Now, can we really create Data-Centric benchmarks? Let’s explore what the authors of this work propose.

3. A Data-Centric pipeline to create better benchmarks

To answer the previous question, the authors first developed a tool capable of engineering a higher quality dataset -so that better benchmarks can emerge.

Figure 3 shows a Data-Centric pipeline: while the model architecture is locked in, the goal is to iterate over the dataset across six different but related data stages.

3.1 Six components to iterate on your data

Figure 3. Data-Centric pipeline: set of data oriented operations (in green) [2]

On the basis of this pipeline, they proposed DataPerf, an open-source platform for hosting and proposing new data-centric benchmarks. Some of the benchmarks developed by this work include tasks such as speech and vision training, data cleaning, and diffusion model prompting.

3.2 DataPerf for Vision: selection

DataPerf introduces a challenge related to a data selection algorithm with a specific focus on vision-centric tasks.

  • Task description: The task involves the development of a data selection algorithm with the capability to choose effective training samples from a large pool of candidate images.
  • Benchmark evaluations: The vision-selection-algorithm benchmark evaluates binary classification of visual concepts (e.g., “monster truck” or “jean jacket”) in unlabeled images.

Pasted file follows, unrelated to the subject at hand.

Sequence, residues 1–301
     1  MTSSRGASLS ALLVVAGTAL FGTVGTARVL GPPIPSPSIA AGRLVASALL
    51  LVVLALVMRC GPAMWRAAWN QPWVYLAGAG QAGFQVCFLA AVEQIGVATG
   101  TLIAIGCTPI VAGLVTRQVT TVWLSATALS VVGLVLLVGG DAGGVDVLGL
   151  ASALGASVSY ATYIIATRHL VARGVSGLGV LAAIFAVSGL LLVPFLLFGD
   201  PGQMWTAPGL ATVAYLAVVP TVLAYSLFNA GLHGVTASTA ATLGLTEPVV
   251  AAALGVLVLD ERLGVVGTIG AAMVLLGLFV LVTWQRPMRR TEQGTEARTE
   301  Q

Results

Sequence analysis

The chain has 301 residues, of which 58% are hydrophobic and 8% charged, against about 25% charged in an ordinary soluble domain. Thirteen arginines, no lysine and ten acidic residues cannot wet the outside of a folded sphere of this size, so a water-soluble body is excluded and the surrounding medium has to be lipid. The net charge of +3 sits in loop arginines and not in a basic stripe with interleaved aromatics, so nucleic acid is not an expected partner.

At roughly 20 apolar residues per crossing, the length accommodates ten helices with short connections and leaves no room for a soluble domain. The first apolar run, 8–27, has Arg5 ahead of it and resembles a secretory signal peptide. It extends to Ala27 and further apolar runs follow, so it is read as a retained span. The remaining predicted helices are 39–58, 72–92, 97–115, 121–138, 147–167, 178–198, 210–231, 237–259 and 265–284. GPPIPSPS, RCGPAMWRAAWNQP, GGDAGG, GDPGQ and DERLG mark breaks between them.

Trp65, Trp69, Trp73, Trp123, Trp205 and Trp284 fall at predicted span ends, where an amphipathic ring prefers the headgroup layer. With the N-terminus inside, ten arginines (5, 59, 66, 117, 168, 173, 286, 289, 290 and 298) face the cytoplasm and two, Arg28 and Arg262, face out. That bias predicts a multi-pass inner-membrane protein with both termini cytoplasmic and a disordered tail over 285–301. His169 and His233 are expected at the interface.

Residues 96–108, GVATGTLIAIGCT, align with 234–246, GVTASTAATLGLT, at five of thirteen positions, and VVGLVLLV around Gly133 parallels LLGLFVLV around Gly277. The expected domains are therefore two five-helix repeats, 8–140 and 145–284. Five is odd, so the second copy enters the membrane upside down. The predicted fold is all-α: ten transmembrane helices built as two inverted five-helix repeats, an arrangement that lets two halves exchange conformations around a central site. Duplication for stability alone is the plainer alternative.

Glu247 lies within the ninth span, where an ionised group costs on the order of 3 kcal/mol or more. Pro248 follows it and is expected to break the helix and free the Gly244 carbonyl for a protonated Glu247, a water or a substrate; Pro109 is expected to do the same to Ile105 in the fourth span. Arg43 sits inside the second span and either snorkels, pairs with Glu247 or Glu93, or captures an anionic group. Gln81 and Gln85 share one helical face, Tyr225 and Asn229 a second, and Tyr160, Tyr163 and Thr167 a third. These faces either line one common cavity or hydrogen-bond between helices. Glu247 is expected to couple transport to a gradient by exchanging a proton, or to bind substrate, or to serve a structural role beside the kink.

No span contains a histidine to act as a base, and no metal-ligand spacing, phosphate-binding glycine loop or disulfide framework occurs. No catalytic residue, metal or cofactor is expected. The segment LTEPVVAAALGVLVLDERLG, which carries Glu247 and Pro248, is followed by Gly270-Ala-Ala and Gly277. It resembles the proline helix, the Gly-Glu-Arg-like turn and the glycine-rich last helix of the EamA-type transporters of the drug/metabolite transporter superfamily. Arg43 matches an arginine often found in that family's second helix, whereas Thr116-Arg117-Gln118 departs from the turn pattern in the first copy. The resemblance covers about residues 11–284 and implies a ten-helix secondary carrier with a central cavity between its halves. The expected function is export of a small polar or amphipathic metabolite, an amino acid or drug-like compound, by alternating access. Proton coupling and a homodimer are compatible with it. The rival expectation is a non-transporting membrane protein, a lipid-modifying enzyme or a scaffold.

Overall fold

• Application examples: Familiar production examples of similar models include automatic labeling services by Amazon Rekognition, Google Cloud Vision API, and Azure Cognitive Services.

Other challenges including Data Acquisition challenges and examples can be found on the original paper [2].

4. Conclusion

While Model-Centric is an effective approach for designing and developing models, it might not be the right way for building robust ML systems: in the real-world, data is messy, dynamic and massive.

In this post we make the case of why to truly leverage a Data-Centric approach, we need to switch from Model-Centric benchmarks to Data-Centric ones.

Getting Data-Centric right [3] can provide clarity and precision in articulating and gathering data:

  • We can define with more certainty the kind of data we need to collect.
  • If we need synthetic data we know we can define it.
  • In healthcare: we can collect just the data you need to answer what you need to answer.


[1] Data excellence for AI: why should you care?

[2] Data-Centric: DataPerf: Benchmarks for Data-Centric AI Development

[3] Data-Centric AI for reliable and responsible AI

[4] Bringing the People Back In: Contesting Benchmark Machine Learning Datasets

[5] A Survey on Bias and Fairness in Machine Learning

Authors: Jose Gabriel Islas Montero, Dmitry Kazhdan